Toni Collette, Matthew Goode, Michael Smiley, Suzanne Clement
Smartly written and superbly performed…
Most memorably cinematically distilled in the 1983 comedy classic, Trading Places, the concept of – or rather, questions around – “nature versus nurture” have long fascinated big and small thinkers alike. Is a person’s character primarily formed by what they’re born with, or is it the experiences that one goes through during life that makes a person what they truly are? That query is right at the heart of the quirky and engaging comedy drama, Birthmarked, which doesn’t come up with any definitive answers, and in the process, perhaps proves that there actually aren’t any nailed-down answers to be found. From co-writer, Marc Tulin, and co-writer/director, Emanuel Hoss-Desmarais (who crafted the little seen 2013 thriller, Whitewash, starring Thomas Haden Church), it’s an enjoyably unusual rummage through a big bag of old but always valid ideas.
Eccentric married scientists, Catherine and Ben (played with typical perfectly nuanced abandon by the always on-point Toni Collette and Matthew Goode), are so hung up on the question of nature versus nurture that – under the guidance of the even more eccentric bigwig scientist, Gertz (Ben Wheatley fave, Michael Smiley) – they opt to turn their own family home into a petri dish. Along with their own baby-on-the-way, they also adopt two children from diverse backgrounds, and then set about raising them in a manner directly defiant to the circumstances of their birth: the child of the two scientists is brought up to love and focus on art, the progeny of two less-than-intelligent parents is pushed toward the academic, and the son of two people with serious anger management issues is prodded in the direction of pacifism.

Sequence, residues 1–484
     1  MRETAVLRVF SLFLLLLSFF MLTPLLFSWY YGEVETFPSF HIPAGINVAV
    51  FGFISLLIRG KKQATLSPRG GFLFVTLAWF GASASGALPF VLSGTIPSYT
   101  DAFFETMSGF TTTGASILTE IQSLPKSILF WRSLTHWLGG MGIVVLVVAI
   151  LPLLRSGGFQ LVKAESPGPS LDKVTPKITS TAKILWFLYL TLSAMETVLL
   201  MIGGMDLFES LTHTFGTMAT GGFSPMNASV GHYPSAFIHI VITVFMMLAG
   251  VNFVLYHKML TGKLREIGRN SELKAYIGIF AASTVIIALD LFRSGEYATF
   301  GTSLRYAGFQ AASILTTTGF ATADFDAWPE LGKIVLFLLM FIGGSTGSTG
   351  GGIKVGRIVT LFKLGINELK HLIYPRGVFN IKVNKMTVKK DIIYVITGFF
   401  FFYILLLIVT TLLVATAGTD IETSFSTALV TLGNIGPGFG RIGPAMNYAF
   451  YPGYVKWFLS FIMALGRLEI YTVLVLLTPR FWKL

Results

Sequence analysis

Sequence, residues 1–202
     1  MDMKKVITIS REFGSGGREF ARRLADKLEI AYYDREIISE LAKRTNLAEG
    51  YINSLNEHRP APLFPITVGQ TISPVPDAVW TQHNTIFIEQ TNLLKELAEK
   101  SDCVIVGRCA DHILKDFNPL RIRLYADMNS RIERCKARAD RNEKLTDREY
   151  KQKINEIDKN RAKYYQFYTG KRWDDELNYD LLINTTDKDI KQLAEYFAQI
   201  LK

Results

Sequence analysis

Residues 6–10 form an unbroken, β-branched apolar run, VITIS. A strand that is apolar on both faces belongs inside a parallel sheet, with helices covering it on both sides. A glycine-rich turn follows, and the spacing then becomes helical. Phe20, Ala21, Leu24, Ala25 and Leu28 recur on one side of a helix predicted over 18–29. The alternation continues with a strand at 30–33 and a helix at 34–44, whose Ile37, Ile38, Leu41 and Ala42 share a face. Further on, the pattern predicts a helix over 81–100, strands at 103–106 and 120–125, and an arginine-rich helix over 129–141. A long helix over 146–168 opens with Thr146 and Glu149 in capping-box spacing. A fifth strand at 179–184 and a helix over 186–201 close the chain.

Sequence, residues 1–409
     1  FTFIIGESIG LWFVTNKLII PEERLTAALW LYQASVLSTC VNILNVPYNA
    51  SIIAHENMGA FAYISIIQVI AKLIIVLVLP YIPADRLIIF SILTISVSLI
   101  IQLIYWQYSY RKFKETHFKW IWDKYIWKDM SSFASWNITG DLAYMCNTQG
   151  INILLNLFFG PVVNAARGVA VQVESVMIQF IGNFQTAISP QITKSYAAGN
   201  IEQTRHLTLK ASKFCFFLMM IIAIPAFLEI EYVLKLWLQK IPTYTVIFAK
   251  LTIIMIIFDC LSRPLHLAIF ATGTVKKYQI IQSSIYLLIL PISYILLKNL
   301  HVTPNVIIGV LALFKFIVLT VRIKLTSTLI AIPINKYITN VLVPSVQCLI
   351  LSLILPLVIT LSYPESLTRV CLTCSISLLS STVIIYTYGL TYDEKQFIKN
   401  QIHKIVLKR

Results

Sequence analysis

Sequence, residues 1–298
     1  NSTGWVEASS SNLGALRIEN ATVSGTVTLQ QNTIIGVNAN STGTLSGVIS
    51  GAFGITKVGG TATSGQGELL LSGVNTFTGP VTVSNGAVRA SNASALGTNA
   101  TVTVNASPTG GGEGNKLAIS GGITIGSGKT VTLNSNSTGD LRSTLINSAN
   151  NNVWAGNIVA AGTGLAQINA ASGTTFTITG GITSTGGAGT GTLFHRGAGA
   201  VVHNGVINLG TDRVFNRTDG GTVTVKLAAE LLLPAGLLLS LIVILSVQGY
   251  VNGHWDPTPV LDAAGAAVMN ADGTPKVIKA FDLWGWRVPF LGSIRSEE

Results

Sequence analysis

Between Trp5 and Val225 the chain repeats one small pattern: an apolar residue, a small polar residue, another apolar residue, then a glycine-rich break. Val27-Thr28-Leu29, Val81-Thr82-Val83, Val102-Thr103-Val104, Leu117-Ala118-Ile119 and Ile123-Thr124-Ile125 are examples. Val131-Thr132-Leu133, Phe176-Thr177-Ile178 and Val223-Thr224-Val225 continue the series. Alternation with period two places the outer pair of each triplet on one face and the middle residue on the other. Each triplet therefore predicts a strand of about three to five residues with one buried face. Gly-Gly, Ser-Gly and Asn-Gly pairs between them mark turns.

To say that the “experiment” doesn’t go as planned would be an understatement, with the general instability of this oddball family having the greatest influence on the lives of its children. The continuing roll of eccentricities (not to mention the arch narration, 1970s setting, top notch soundtrack, and unashamed intellectualism) make comparisons to Wes Anderson starkly obvious, but Birthmarked remains a thoroughly original charmer, always showing a genuine warmth towards its characters. Smartly written and superbly performed, it cannily shows that the only thing predictable about families is how unpredictable they are.
Exclusively Available to Buy or Rent on Digital Platforms